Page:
Back in mid-2011, as succinctly explained by Taylor Fravel, Beijing sought to deescalate tensions with its neighbors by suddenly showing more interest in finding a rule-based solution to the South China Sea disputes. This was accompanied by high-level bilateral engagements with other claimant states, such as Vietnam. In many ways, it was a calibrated measure to assuage worried neighbors and counter the appeal of the Obama administration’s rebalancing towards the region. As China confronts growing external pressure and a deteriorating strategic position in the region, it is considering a similar maneuver, as exemplified by its early withdrawal of the oil rig from Vietnam’s EEZ. But it remains to be seen how far China is willing to scale back its territorial posturing. Much will depend on the countermaneuvers of other rival claimant states, as well as the extent and nature of American commitment to the region.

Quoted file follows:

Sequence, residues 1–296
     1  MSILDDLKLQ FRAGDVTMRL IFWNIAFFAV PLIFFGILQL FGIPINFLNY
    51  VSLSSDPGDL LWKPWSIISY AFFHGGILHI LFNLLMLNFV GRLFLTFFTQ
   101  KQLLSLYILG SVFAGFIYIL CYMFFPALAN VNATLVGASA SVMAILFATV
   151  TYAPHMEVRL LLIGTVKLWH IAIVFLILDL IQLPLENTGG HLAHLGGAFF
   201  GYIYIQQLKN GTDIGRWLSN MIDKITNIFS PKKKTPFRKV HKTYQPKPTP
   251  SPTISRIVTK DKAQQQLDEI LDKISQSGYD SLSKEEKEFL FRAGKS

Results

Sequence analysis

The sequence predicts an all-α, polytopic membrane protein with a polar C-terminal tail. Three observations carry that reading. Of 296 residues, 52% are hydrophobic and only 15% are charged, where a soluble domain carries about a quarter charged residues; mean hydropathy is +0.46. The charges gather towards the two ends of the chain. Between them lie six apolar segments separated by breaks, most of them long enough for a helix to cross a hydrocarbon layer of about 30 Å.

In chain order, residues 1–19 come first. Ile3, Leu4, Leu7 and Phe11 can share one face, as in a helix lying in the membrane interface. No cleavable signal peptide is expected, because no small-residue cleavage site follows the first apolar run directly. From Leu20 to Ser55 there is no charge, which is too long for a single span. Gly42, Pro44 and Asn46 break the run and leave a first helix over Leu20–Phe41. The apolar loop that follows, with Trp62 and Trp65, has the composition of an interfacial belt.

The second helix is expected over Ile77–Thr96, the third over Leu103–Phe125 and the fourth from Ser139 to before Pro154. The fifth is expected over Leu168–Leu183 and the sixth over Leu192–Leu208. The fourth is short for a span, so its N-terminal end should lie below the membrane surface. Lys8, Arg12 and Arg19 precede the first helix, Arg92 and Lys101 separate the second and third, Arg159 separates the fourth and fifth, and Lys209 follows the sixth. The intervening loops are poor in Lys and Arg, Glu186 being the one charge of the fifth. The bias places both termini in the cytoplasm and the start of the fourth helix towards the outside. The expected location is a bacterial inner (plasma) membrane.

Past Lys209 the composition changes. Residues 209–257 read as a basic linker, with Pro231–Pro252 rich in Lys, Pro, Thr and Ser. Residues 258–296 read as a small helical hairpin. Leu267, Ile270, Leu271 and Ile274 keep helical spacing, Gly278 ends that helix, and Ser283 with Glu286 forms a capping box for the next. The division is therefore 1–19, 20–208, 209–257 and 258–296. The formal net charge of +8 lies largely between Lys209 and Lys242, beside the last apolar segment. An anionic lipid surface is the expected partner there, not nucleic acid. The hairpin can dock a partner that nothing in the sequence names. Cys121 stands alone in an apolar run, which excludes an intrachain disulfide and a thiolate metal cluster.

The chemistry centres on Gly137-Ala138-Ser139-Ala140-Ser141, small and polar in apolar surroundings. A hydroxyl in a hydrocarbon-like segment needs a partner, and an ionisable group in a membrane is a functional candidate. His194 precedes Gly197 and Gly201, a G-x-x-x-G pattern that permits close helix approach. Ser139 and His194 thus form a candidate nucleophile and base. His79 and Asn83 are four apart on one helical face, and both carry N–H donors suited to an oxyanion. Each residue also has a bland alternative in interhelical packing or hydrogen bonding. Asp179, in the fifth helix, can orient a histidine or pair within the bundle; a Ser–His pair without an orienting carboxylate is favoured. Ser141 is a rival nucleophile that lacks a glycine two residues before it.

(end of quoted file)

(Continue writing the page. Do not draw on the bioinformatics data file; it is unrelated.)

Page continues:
Richard Javad Heydarian is a lecturer in international affairs and political science at Ateneo De Manila University, and a policy advisor at the Philippine House of Representatives. As a specialist on Asian geopolitics and economic affairs, he has written for or interviewed by Al Jazeera, Asia Times, BBC, Bloomberg, The New York Times, The Huffington Post, The Diplomat, The National Interest, and USA TODAY, among other leading international publications. He is the author of How Capitalism Failed the Arab World: The Economic Roots and Precarious Future of the Middle East Uprisings (Zed, London), and the forthcoming book The Philippines: The US, China, and the Struggle for Asia’s Pivot State (Zed, 2015). You can follow him on Twitter:@Richeydarian
Image: Flickr/Official U.S. Navy/CC by 2.0